Warde Manuel applauds decision to remove transfer restrictions

Zach Shaw

Friday morning, Michigan coach John Beilein released a statement removing all transfer restrictions on senior guard Spike Albrecht and sophomore forward Ricky Doyle, changing his mind and allowing both to transfer within the conference if they so choose.

Later in the day, his boss applauded the move.

Speaking formally to the media for the first time since taking over as Michigan’s Athletic Director, Warde Manuel addressed the issue of graduate and intra-conference transfer, both controversies that Beilein found himself in the middle of this week.

“I give credit to John for coming to the decision,” Manuel said of the change of heart. “After he thought about it, to go make the switch to allow them to transfer and have a release with no stipulations. It was a great conversation.”

While Doyle, who would lose a year of eligibility if he transferred to another Big Ten school, is less likely to move to a team Michigan plays, Albrecht could draw interest from many conference foes, including his home state schools Indiana and Purdue.

Albrecht, who spent four years playing for the Wolverines before injuries pushed him into retirement in December, is likely to get a medical redshirt, making him eligible to play immediately for his fifth year. And though Beilein has praised and applauded Albrecht’s game on may occasions, Michigan’s lack of available scholarships made it impossible for him to stay unless he walked on to the team.

The Wolverines recruited over Albrecht, who was expected to have exhausted his eligibility by this point, out of necessity. Incoming freshman point guard Xavier Simpson is the jewel of Michigan’s recruiting class, most-recently was named Mr. Basketball in the state of Ohio, and was expected to fill Albrecht’s role as backup point guard in 2016-17.

Initially, Beilein expressed hesitancy about letting his team’s two-year captain join an opponent’s squad. But after drawing national attention, discussing the issue with Manuel and reconsidering the situation, announced Friday he would remove all restrictions on Albrecht’s release.

“In the case of Spike where the anticipation was that he would have completed (his career) his senior year and we recruited young men to come in … I think that’s a case where we do need to provide a release without any stipulations,” Manuel said. “In general, I am very supportive of grad student transfers not having restrictions.

“I would hope our young people would want to stay here for a fifth year and not leave, but in Spike’s case we had already planned on him finishing his senior year and the recruiting process went forward in the way that it does. … I wish him well and I appreciate all that he brought to the University of Michigan.”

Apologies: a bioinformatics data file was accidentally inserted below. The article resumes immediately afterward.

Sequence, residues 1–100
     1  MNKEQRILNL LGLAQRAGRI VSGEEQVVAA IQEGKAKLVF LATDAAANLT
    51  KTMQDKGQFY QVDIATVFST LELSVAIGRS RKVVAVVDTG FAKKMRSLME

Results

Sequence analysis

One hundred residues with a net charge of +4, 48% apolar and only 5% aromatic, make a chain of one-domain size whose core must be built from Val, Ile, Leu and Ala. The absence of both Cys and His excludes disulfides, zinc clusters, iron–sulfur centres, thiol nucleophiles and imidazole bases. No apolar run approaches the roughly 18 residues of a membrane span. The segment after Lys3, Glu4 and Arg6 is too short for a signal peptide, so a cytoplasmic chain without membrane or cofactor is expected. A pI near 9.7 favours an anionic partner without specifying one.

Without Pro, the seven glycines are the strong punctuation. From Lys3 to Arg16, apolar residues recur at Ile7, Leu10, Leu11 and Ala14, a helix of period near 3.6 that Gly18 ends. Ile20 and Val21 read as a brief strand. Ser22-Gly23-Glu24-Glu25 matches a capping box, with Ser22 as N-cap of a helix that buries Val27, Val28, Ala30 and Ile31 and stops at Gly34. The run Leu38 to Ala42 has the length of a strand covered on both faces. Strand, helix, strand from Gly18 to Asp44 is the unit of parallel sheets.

Of course, Albrecht and Doyle’s transfers will be the sixth and seventh transfers in the last five seasons for Beilein and the Wolverines. Last season, Max Bielfeldt transferred to Indiana for his fifth season, and went on to win the Big Ten’s Sixth Man of the Year award. Through it all, Beilein has expressed frustration in the process.

“I think we’re in a dangerous area there where you have the graduate transfer, and then where he can go afterwards and things like that, like we actually have one in our league,” Beilein said two weeks ago in Brooklyn. “Those are difficult things, I think, that we have to look at in the future, and what is the real purpose that have? Is that young man going there just to play basketball? Is he going there to get his Masters degree? How many are getting their Masters degrees? There’s got to be some legitimacy to that rather than just another year of eligibility?”

In addition to applauding Beilein’s change of heart, Manuel noted that transfers are an issue that currently plague college basketball. Stating that roughly 40 percent of Division I players may transfer at some point and that academics tend to suffer in such cases.

“We can all talk about the different examples or the issues that may rise, but in general I think one of our first priorities and my first priority is to help these young people graduate from the University of Michigan with a degree,” Manuel said. “I think once you do that and you still have an opportunity to participate in athletics in your sport, then you should have the opportunity to move to another institution if you choose to do so.

With a coach who made national headlines for attempting to add restrictions to transfer releases working in his favor, Manuel made sure to point out that Beilein is far from the only coach to be opposed to graduate transfer and certainly will not be the last.

“It’s not a John Beilein issue, it’s an issue in intercollegiate athletics,” Manuel said. “John should not in my opinion be the poster child of coaches who feel that transfer issues are an important issue, that the investment of time and wanting to keep people on your team is important. It’s not just him.”

  • Believeinbelien

    Kudos to coach for recognizing he was in the wrong on this one. While there are definitely some frustrating aspects of his approach, we are lucky to have him as our coach.

    He has enough humility and integrity to recognize that he was in the wrong. I can’t see Calipari, Boehiem or Coach K ever showing such flexibility. Their egos are too big.

    Personally it’s silly for us to get that worried about Spike going to another B10 program. In conference all the schools are scouted so well, it wouldn’t be more than a minor advantage for Spike to go to an opponent. And that is completely ignoring the the other side of the coin, that no opposing coaches would know Spike’s tendencies better than our staff.

    Best of luck to both Spike and Ricky.